Doctor insights on:
Ganglio Capsular Haemorrhage In Brain
Hello, my grandmom who is 70 now. She had brain haemorrhage. Its ok now but she gets headaches sometimes. Is it normal?
Not surprising: Headaches can follow prior brain events, but she does need regular monitoring due to the significance of her prior event. Unlikely that the headaches herald further bleeding, but clearly, they could affect her quality of life. Talk to your doctor and see if some treatment might be beneficial, and also check to see if her meds might be contributing to this.
Details: Please write back with more detail. Your risk of a second brain hemorrhage is dependent on what caused the first one. There are multiple reasons you can have a brain hemorrhage.
Possible not Probabl: An intracerebral haemorrhage (ICH) is very serious for any age group. The 30-day mortality for patients with ICH depends on many factors, including age (ref: http://stroke.ahajournals. Org/content/32/4/891.full). Although many things are possible in modern medicine, the probability of saving a 95-year old man with an ICH is low, especially taking into consideration his other medical conditions.See 1 more doctor answer
My father suffering haemorrhage in brain stem 15 days passed, still unconscious. What will he get conscious?
Get accurate advice: I'm sorry about your dad. In the usa, if this were me, my advance directive would have kicked on day 2 and I would have been taken off all support. Your dad may or may not have shared his wishes, but I'm going to assume that you now speak for him. Demand to know the likely outcome, and get an attorney if you're not satisfied.
Generally once the a: Generally once the acute phase of the stoke is stabilized in the first day or two of admission, there is a risk for subsequent bleed that does need to be monitored. If stabilized the neurologic consequences of the stroke needs to be addressed along with assuring general medical stability and appropriate control of a patients blood pressure. We then need to enter the rehab phase.
Varies: The symptoms may vary depending on the type of bleed. The most dramatic are bleeds from aneurysms in which the classic symptom is the sudden severe "worst headache of one's life". These may be coma producing. The intracerebral hemorrhage or hemorrhagic stroke frequently presents with sudden onset of neurological deficits like weakness on one side, speech problems, or altered level of consciousness.
Unfortunately,: This is not rare. When an aneurysm bursts, causing a subarachnoid hemorrhage, about 50% die before reaching hospital. An acute subdural hematoma may cause brain herniation, but epidural hematoma, and intracranial bleeding could likewise cause irreversible problems if grow too large and cause deterioration. Some hemorrhages move from brain to ventricle, and these too can cause havoc.
Size dependent: If you are referring to how long will it take for the body to clear a brain hemorrhage, that is primarily related to the size of the hemorrhage. Smaller hemorrhages will be reabsorbed quicker than larger ones. Hemorrhages only several cubic mls in volume will be reabsorbed in a couple of weeks, whereas large 35+cubic ml hemorrhages can take months to completely reabsorb the blood products.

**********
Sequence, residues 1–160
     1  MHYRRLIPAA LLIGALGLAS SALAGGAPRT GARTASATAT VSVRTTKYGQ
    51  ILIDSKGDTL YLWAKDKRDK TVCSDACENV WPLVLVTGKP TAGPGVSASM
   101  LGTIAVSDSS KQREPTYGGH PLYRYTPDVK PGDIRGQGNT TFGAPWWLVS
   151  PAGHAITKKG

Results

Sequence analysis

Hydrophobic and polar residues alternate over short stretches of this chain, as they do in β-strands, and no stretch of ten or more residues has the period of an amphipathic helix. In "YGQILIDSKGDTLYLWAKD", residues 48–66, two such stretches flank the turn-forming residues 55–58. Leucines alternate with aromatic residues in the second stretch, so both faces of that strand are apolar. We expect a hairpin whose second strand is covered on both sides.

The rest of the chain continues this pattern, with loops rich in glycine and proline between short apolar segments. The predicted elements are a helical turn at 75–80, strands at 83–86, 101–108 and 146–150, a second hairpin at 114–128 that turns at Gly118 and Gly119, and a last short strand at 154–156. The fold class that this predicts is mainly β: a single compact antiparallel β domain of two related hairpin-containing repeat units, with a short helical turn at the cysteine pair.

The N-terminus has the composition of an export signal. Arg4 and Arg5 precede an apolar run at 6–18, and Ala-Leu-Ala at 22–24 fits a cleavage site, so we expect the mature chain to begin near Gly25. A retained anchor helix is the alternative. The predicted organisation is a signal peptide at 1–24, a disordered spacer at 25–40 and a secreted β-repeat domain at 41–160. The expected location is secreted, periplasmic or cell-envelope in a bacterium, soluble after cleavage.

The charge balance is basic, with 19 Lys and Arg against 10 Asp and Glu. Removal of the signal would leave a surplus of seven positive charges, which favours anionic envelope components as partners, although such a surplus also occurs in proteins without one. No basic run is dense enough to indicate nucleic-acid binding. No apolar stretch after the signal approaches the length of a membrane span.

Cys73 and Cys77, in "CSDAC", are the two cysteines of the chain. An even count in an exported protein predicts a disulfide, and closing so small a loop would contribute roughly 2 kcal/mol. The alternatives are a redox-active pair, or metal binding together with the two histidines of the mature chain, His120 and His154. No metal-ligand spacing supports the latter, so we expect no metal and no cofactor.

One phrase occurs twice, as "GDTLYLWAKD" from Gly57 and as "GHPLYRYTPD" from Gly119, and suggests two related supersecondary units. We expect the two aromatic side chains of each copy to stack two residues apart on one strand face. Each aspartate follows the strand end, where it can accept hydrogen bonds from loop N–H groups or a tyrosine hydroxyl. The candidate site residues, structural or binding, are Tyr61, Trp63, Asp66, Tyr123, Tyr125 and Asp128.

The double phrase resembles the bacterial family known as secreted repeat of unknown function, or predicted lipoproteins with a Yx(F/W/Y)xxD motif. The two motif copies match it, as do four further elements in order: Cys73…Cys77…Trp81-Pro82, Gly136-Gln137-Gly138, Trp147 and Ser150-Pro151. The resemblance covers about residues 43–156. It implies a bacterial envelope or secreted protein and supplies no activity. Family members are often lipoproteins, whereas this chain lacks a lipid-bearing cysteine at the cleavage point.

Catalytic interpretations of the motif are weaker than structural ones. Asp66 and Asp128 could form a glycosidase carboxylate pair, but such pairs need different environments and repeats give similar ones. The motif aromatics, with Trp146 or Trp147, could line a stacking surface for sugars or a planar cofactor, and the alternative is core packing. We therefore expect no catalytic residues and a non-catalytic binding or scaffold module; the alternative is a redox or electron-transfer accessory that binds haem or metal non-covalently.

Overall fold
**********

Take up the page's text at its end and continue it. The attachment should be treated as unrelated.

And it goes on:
The one that kills: Obvious answer....well, it is the only answer based upon your question. There is no such thing as a "worst" type of brain hemorrhage. Each and every type can have A REALLY BAD CONSEQUENCE occurring upon its owner depending on circumstances and severity of the bleed. I think the worst is probably the EPIDURAL. That one's a doozy. Questions? Www. Healthtap. Com/drsaghafi Key Code: PDXFNR for appt.
Around 50%: Bleeding within the brain, an intracerebral hemorrhage, either from trauma or a type of stroke, results in survival of about 50% often with disability. The other big category is hemorrhage outside the brain substance-a subarachnoid hemorrhage-due to ruptured aneurysm. Similarly, 40% of these cases are fatal, with permanent neurological damage in 66% of survivors. It is a super serious condition: (
Not a lot: In fact, we see many patients who have intracranial bleeding from simple falls from a standing position.See 1 more doctor answer
Increasing: Increase risk for brain hemorrhage can result from many conditions and life styles, such as diabetes, hypertension, obesity, smoking, & inheritance. Over time our blood vessels become stiff unable to withstand the constant intraluminal pressure and they leak or break. The older you get the more likely this is to occur. To mitigate these, eat well, don't smoke (or stop), exercise regularly see doc.
Depends: Need to be specific, is like how long does it take to die if you're bleeding somewhere else. What part of the brain, and how big? It can be a tiny unnoticable bleed that causes no problem and gets better on its own, or a big giant bleed could take a few seconds.
Depends: Depends on the hemorrhage size, location, reason for hemorrhage and overall health
- Talk to a doctor online
- Ganglio capsular bleeding
- Hypodencity in right ganglio capsular region
- Infarct right ganglio capsular region
- Ct scan brain haemorrhage
- Brain haemorrhage treatment
- Capsular synovitis
- Capsular sprain
- Subchorionic haemorrhage
- Anatomy of ganglio capsular region